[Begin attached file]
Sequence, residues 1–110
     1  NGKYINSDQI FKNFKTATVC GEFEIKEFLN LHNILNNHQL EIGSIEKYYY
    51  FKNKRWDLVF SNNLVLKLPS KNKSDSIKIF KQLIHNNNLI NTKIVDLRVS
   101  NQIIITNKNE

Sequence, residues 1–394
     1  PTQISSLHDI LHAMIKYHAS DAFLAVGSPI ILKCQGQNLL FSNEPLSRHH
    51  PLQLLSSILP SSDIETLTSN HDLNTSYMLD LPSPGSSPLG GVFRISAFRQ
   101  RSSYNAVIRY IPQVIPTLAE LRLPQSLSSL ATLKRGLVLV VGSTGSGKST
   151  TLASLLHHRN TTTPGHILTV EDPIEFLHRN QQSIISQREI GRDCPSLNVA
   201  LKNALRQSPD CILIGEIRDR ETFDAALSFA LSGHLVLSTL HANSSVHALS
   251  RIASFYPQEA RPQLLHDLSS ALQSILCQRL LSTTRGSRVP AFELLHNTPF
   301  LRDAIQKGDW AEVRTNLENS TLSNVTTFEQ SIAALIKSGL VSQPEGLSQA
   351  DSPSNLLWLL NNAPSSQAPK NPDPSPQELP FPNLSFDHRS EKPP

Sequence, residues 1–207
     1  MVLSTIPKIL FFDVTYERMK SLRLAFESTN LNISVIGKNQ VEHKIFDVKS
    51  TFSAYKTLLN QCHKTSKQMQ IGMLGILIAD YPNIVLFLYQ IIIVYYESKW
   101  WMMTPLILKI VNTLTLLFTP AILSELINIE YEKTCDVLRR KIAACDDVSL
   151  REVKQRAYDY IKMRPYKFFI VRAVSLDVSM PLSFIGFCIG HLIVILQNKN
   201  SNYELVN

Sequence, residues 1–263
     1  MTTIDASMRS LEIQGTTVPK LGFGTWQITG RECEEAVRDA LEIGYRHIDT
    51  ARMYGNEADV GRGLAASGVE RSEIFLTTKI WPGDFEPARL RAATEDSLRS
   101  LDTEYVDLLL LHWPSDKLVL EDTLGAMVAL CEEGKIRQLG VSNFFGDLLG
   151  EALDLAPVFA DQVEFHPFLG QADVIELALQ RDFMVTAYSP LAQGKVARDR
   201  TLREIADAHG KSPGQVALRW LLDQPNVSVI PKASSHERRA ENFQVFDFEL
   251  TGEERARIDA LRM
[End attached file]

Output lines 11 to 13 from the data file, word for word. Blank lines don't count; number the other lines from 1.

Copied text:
   251  RIASFYPQEA RPQLLHDLSS ALQSILCQRL LSTTRGSRVP AFELLHNTPF
   301  LRDAIQKGDW AEVRTNLENS TLSNVTTFEQ SIAALIKSGL VSQPEGLSQA
   351  DSPSNLLWLL NNAPSSQAPK NPDPSPQELP FPNLSFDHRS EKPP